Anyway, Trane’s late work rewards attention. Here are some examples—Om (recorded 1965):

Ascension (1966) is exhilarating, even if I find the sheet of big-band sound more engaging than the solos that emerge from them:

Meditations (1966) (as a playlist):

On a gruelling tour of Japan in 1966, when he was already terminally ill, he played Peace on earth:

Expression (1967):

Trane’s early death may make such albums seem like a postscript, but tempting as it is to bask in the “classic” albums like Blue train, Kind of blue, and A love supreme, just imagine where he would have gone had he lived longer. If only I had been able to share all these creations with Natasha.

As ever, Miles has perceptive comments (p.384):

One of the reasons I like playing with a lot of young musicians today is because I find that a lot of old jazz musicians are lazy motherfuckers, resisting change and holding on to the old ways because they are too lazy to try something different. They listen to the critics, who tell them to stay where they are because that’s what they like. The critics are lazy, too. They don’t want to try to understand music that’s different. The old musicians stay where they are and become like museum pieces under glass, safe, easy to understand, playing that tired old shit again and again. Then they run around talking about electronic instruments and electronic musical voicing fucking up the music and the tradition. Well, I’m not like that and neither was Bird or Trane or Sonny Rollins or Duke or anybody who wanted to keep on creating. Bebop was about change, about evolution. It wasn’t about standing still and becoming safe. If anybody wants to keep creating they have to be about change. Living is an adventure and a challenge.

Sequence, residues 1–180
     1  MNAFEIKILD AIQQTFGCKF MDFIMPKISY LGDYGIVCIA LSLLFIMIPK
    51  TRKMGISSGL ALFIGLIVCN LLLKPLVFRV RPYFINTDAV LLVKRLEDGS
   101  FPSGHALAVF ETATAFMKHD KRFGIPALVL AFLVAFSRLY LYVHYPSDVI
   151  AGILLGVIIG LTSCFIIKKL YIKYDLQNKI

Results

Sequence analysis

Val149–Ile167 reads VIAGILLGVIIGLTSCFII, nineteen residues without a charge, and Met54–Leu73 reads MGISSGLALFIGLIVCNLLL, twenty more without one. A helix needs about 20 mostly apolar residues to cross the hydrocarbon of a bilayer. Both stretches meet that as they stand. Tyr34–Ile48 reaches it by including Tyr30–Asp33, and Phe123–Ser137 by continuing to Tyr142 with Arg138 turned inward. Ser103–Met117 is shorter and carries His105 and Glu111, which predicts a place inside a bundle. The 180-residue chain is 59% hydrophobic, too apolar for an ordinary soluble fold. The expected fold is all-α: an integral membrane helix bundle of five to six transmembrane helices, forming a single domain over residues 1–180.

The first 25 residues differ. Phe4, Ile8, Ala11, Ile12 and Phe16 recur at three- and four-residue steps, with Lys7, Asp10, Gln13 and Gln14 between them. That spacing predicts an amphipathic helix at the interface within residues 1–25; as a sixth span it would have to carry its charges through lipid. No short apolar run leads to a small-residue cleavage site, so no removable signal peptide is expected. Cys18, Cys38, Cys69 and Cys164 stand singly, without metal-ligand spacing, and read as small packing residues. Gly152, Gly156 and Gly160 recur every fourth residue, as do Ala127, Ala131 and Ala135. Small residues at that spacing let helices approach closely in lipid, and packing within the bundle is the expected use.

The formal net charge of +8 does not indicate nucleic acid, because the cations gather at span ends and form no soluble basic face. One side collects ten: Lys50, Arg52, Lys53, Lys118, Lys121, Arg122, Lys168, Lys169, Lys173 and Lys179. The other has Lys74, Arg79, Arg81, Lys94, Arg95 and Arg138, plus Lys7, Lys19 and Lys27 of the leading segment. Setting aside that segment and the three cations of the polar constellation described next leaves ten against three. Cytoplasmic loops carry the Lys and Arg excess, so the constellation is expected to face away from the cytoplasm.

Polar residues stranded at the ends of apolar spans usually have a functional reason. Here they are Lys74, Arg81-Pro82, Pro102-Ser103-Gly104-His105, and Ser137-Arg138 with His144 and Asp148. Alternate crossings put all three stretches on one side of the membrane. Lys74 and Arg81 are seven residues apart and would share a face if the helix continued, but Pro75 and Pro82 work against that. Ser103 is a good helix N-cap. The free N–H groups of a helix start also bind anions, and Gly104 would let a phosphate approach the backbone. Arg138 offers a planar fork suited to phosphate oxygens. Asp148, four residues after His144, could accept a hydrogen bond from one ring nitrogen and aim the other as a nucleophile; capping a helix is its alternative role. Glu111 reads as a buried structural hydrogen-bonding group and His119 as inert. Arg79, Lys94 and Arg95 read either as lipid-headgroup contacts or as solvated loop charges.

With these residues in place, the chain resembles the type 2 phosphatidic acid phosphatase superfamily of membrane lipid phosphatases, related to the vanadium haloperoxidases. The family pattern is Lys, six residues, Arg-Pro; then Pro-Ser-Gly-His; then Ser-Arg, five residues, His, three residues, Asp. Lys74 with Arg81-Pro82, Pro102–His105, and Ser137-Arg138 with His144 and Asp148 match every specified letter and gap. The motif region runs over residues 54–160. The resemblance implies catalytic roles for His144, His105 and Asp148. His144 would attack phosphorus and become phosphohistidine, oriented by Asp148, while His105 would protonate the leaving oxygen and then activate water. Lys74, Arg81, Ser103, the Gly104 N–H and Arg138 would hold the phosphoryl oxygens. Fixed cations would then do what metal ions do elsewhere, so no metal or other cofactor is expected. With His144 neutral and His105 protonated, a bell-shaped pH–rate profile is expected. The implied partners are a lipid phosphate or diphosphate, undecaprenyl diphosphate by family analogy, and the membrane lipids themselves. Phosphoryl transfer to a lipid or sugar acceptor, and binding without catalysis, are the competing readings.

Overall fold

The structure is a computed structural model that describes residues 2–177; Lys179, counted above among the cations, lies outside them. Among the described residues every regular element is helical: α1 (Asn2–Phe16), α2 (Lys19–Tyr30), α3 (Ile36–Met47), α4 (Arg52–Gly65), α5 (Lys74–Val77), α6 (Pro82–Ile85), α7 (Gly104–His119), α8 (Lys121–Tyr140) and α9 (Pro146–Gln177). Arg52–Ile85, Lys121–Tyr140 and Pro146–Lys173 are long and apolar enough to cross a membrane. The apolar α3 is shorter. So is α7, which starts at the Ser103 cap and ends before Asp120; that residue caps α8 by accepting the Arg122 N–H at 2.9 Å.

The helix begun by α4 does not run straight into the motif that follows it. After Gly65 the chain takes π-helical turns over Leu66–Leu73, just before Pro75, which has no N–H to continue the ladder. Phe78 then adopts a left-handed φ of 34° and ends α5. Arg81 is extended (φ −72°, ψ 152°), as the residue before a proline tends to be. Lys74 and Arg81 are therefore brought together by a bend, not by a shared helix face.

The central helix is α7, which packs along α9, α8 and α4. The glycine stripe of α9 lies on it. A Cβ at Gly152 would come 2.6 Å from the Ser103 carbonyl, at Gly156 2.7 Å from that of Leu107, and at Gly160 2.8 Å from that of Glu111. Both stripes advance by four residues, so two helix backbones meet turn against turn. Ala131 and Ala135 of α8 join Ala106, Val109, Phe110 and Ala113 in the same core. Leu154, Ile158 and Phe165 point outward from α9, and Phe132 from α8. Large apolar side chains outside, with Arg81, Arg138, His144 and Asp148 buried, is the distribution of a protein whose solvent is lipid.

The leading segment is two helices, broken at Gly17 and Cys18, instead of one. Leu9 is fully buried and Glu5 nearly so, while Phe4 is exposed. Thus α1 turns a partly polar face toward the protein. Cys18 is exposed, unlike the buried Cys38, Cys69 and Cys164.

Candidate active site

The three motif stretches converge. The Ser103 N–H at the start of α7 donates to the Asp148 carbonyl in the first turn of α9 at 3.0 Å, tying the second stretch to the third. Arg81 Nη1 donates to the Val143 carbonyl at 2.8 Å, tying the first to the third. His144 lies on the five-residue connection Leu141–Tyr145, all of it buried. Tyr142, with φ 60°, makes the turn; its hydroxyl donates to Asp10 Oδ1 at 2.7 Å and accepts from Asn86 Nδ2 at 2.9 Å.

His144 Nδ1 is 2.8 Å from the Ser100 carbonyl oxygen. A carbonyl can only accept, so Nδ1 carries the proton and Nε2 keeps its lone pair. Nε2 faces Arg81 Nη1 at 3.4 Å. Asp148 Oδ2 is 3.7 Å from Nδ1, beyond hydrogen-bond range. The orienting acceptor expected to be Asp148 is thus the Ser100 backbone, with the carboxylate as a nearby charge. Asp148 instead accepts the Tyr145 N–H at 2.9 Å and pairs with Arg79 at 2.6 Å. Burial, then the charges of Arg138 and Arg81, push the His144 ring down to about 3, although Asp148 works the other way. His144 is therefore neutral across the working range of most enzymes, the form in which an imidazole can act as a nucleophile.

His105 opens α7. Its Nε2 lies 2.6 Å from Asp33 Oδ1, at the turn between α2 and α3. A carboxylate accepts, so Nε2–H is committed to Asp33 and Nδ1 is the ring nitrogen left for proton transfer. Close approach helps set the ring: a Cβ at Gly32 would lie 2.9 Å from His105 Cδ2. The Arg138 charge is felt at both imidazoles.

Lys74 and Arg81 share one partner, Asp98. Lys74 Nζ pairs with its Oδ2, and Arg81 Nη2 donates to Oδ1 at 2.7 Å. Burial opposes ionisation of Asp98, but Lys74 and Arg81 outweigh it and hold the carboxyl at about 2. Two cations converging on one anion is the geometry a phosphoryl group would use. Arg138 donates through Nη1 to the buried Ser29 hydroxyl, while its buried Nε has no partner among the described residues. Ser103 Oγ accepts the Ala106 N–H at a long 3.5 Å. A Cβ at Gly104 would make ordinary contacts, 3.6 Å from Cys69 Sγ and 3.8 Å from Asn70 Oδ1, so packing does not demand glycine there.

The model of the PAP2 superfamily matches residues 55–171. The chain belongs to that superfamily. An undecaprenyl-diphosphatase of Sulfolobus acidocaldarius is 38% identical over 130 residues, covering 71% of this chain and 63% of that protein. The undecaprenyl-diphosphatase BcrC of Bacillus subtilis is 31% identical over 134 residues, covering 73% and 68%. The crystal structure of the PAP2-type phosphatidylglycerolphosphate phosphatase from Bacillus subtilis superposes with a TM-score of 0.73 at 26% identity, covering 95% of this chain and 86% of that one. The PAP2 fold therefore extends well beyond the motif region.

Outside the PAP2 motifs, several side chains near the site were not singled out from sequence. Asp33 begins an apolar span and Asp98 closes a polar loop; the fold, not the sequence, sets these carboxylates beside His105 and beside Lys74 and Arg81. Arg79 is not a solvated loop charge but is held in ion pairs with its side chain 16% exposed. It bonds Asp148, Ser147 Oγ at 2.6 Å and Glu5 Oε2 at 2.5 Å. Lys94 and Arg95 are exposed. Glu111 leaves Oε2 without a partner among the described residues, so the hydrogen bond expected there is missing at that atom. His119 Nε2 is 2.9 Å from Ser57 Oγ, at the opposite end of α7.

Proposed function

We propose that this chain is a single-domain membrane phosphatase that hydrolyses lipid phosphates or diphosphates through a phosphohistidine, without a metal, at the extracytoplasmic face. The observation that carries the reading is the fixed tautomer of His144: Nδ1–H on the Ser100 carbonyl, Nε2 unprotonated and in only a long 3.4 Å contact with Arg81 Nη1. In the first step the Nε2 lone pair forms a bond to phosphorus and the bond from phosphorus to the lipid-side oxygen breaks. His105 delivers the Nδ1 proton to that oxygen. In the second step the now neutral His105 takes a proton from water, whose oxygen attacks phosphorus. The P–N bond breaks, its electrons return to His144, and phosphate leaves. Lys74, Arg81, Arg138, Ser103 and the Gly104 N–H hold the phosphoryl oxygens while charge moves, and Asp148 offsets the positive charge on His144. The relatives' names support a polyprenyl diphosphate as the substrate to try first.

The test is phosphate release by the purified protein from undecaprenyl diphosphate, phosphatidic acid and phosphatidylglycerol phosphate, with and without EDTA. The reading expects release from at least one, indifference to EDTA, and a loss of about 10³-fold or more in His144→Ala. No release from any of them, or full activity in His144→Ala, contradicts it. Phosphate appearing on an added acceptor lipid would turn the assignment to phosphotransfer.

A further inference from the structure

I needn’t burden you here with yet another lament about how limited our outlets for creativity are in WAM. But awed as I am by the creativity of jazzers generally, I’m all the more astounded by Coltrane—and the horn players, pianists, bass players, and drummers who worked with him. It takes me back to Berliner’s Thinking in jazz to try and understand in more depth what they’re all doing.

John Coltrane died at 40, yet another shooting star in the jazz world of the time, with its high rate of early deaths—such as Bird (34), Billie (44), Fats Navarro (26), Clifford Brown (25), Lee Morgan (33), Eric Dolphy (36). Chinese shawm players (comparable in some ways to jazzers: see also Deviating from behavioural norms) also often died early. Elsewhere, Mozart died at 36, Schubert at 31, and Mahler was only 50; Amy Winehouse only 27.

The Celibidache mystique

Celi

Celibidache with the Berlin Phil, 4th December 1945.

Following on from my posts on conductors, and their fortunes under Nazism, another conductor who contributed greatly to the “maestro myth” was Sergiu Celibidache (1912–96; see herewiki, and many articles, e.g. here).